New Markets Tax Credit (NMTC) Summit 2024: 3 top takeaways

Read what our New Markets Tax Credit Summit participants and panelists had to say about expanding the NMTC ecosystem, collaboration, advocacy, and more.

Working off our theme of “Camp CohnReznick,” our goal for this year’s New Markets Tax Credit Summit was to embrace the spirit of adventure, community, and innovation found in a camp experience – and in the NMTC industry.

Our panelists and participants readily rose to the challenge, with three days of spirited discussions and generously shared insights. We are thankful to everyone who joined us in Miami, especially our speakers and sponsors. 

Read on for three top takeaways from the event – some of our favorite or most recurring themes. 

And whether as a returning or brand-new guest, we hope you’ll join us next year: Mark your calendar for May 12-14, 2025.

Pushing the NMTC doors wider open

As the NMTC industry continues to grow, how can we help make sure it grows in an inclusive, equitable manner? 

  • Provide education, invitations, and mentorship. 
    • Make sure people who could benefit from NMTC know about NMTC, and help them move their projects along. As speaker Anthony Norris put it, “NMTC is one of the best-kept secrets, so cast a wider net.” Help spread awareness by seeking out new audiences: Attend new conferences, look at different associations, or meet with mayors and school superintendents. 
    • Introduce up-and-coming professionals to the space, and offer mentorship and guidance along their path. Consider how your organization can become involved with the Open Access Fellowship, which “aims to increase Black and Latinx representation in community development finance, offering hands-on training for diverse professionals.”
    • As speaker William Carson said: “You never quite know when a brief introduction, sharing a news story, sharing an idea, connecting two people who might not have yet met, is going to connect and snowball into something else.”
  • Help identify and overcome obstacles. Some entities haven’t been able to participate in NMTC because they are not yet large or sophisticated enough. What resources or solutions can you offer to help them meet these challenges?
    • The NMTC closing process is intensive, especially for first-time borrowers. How can you help people work through all the small details of the many requirements for documentation, agreements, etc.?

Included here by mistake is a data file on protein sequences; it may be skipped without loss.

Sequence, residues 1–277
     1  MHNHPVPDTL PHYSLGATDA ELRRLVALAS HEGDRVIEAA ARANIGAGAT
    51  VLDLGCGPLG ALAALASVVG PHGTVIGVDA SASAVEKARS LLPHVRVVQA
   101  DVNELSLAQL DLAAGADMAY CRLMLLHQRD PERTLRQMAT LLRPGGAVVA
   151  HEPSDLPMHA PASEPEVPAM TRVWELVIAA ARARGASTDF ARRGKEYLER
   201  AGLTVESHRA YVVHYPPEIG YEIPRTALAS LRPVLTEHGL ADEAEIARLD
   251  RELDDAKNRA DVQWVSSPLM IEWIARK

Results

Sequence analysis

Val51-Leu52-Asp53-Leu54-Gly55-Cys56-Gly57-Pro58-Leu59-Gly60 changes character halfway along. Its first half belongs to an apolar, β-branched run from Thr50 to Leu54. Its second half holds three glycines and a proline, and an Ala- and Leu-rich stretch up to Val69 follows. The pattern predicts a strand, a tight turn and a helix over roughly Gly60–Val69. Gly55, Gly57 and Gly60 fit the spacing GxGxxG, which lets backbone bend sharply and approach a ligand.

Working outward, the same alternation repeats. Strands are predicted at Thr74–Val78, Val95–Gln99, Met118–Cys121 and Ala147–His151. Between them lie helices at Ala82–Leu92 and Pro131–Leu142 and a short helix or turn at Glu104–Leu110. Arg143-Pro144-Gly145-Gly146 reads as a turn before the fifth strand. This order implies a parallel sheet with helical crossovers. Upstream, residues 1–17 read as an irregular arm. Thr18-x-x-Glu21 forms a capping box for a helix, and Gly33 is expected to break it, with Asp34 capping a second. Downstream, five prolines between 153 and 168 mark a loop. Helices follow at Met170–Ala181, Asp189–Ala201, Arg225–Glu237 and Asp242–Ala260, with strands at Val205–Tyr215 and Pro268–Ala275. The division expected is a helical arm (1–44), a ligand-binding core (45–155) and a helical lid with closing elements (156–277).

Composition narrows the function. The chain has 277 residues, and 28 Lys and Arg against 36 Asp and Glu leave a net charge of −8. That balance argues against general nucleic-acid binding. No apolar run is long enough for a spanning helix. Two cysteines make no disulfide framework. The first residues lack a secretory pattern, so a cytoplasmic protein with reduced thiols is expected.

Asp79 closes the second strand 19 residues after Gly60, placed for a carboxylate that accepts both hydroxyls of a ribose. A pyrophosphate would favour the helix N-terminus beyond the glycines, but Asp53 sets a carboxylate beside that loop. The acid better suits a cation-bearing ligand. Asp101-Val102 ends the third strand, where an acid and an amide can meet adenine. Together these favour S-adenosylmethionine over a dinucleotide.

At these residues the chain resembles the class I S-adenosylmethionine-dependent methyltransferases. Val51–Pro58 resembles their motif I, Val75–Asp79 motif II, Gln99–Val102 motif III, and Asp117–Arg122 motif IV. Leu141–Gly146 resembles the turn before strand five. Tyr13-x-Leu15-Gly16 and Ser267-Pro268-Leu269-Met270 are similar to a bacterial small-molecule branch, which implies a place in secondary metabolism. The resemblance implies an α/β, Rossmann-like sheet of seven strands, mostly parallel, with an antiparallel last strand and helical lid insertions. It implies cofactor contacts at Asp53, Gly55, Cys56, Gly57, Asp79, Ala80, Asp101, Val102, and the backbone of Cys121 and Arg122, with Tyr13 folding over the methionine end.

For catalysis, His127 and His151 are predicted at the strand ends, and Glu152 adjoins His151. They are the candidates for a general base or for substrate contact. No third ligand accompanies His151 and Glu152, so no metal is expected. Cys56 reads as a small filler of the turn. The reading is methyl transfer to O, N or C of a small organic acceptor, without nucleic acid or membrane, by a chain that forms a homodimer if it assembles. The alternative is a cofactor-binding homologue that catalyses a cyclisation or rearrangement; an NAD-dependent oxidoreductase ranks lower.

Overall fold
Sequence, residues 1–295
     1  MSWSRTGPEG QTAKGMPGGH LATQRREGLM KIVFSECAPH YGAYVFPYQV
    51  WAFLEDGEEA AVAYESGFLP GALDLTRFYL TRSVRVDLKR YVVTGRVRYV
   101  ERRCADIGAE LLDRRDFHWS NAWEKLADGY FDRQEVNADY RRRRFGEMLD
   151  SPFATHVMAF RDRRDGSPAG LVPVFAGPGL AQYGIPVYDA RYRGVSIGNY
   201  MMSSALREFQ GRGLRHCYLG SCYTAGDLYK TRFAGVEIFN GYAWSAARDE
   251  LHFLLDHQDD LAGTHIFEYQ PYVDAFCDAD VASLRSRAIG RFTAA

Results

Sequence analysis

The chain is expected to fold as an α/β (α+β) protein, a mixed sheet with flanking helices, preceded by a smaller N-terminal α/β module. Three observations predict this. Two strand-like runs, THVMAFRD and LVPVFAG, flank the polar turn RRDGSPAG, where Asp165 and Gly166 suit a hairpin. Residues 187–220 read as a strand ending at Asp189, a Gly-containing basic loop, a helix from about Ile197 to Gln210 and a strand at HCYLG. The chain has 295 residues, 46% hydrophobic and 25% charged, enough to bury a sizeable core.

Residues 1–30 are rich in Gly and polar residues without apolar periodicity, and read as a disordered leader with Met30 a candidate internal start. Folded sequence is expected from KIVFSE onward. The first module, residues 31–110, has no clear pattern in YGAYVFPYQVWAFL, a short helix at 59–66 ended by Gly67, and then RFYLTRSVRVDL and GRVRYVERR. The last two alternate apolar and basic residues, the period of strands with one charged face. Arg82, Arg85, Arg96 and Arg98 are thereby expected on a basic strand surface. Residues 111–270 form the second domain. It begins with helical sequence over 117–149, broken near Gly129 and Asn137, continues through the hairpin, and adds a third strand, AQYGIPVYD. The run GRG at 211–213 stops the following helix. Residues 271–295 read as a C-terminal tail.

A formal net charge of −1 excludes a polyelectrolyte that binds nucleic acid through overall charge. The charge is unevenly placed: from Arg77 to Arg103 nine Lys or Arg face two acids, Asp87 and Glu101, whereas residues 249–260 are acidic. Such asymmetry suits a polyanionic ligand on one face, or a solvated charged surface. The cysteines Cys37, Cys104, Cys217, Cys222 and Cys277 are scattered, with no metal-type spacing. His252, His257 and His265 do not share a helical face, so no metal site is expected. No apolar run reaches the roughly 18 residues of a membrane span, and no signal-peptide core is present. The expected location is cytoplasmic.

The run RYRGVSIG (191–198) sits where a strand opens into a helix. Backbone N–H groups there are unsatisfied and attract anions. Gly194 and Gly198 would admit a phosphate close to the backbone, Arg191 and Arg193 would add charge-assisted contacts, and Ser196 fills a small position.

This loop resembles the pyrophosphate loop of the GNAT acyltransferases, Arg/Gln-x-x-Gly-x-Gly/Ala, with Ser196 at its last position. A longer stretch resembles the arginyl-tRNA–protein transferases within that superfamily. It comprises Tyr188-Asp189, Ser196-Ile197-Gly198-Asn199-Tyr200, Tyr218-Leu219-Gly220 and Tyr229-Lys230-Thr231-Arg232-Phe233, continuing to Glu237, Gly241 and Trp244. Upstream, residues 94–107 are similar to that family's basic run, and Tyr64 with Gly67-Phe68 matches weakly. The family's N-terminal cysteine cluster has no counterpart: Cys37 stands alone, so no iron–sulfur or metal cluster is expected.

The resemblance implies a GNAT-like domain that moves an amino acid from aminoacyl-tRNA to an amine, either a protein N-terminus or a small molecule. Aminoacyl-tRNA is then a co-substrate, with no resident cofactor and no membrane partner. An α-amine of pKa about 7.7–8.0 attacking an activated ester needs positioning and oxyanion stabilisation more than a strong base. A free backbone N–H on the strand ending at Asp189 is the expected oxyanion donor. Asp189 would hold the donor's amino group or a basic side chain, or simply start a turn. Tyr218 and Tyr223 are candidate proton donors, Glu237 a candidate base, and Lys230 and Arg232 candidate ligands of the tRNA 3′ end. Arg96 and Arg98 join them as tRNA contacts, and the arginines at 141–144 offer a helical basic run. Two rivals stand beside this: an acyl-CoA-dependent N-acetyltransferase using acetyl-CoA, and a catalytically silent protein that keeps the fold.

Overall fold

• Consider where improvements may help participants not just with NMTC, but with their overall operations.
    • Meet with your stakeholders more often than once a year. Build a relationship with the people on the other side of your deal, so that everyone is comfortable talking through any concerns, on track to meet requirements, and aware that they’re “in it together.”
  • Seek the right voices. No matter where you fit in the NMTC ecosystem, make sure your deal team has people representative of the community your project impacts. Who can you add to the table? 
    • There are often questions about whether a project is the right project, and if it’s making the right impact – versus contributing to gentrification. Speaker Onika Lewis highlighted the importance of seeking out qualitative impacts from people on the ground: Visiting the project, talking to site management, getting a sense of the community ecosystem, meeting with residents or other stakeholders.

Collaboration and communication: The keys to piecing together today’s complex puzzle

Collaboration and communication are always critical in the NMTC industry, where a careful assembly of components is required to bring projects to fruition. But with increasing competition, and new initiatives like the Greenhouse Gas Reduction Fund (GGRF) bringing new overlapping responsibilities and opportunities for co-investment, this teamwork is more critical than ever – and not only with one another, but also with target communities.

  • Think broadly to develop an effective, multifaceted project.
    • This year’s NMTC Case Study video introduced the Justice Thurgood Marshall Amenity Center, an NMTC-powered project transforming Justice Marshall’s West Baltimore elementary school, PS103, into a new “center for education, force for equalization, and place where anyone can go to receive assistance.” Speaking Tuesday morning, project leader Dr. Alvin C. Hathaway told attendees that he didn’t want the center to be a museum, but instead a place for activities – and so they’re bringing in partners, from a university to teach ethics and expose law students to the community, to a program to expose community members to careers in aviation, airport management, and hospitality. “We’re going to add value to this community, but we’re also going to educate, we’re going to empower, and we’re going to inspire,” he said. 
    • The GGRF is poised to make billions of dollars available for clean energy investments, and like NMTC, it has a focus on using those funds to empower low-income communities. How can these programs be combined in transformative ways? For example, a lack of reliable electricity can be an obstacle for healthcare providers. Can you add a GGRF-funded solar installation to better power an FQHC?
    • Panelist Michael Neal encouraged thinking about the cross-sectionality of housing, and its connection with multiple sub-sectors such as trucking and window and door manufacturing. He also raised its connection with climate: Where are the places that climate change disasters are more likely to occur, and how does that impact where and what may get built, and the costs involved?